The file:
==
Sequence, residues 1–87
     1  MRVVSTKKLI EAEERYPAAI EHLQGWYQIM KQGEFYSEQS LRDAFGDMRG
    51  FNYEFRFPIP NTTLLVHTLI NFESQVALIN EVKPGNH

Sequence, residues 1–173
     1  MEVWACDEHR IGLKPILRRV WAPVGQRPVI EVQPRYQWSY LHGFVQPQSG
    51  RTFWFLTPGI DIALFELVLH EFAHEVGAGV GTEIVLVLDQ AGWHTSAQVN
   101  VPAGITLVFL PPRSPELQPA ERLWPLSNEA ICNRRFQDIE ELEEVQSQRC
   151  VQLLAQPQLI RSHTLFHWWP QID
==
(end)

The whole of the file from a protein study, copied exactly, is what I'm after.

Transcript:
Sequence, residues 1–87
     1  MRVVSTKKLI EAEERYPAAI EHLQGWYQIM KQGEFYSEQS LRDAFGDMRG
    51  FNYEFRFPIP NTTLLVHTLI NFESQVALIN EVKPGNH

Sequence, residues 1–173
     1  MEVWACDEHR IGLKPILRRV WAPVGQRPVI EVQPRYQWSY LHGFVQPQSG
    51  RTFWFLTPGI DIALFELVLH EFAHEVGAGV GTEIVLVLDQ AGWHTSAQVN
   101  VPAGITLVFL PPRSPELQPA ERLWPLSNEA ICNRRFQDIE ELEEVQSQRC
   151  VQLLAQPQLI RSHTLFHWWP QID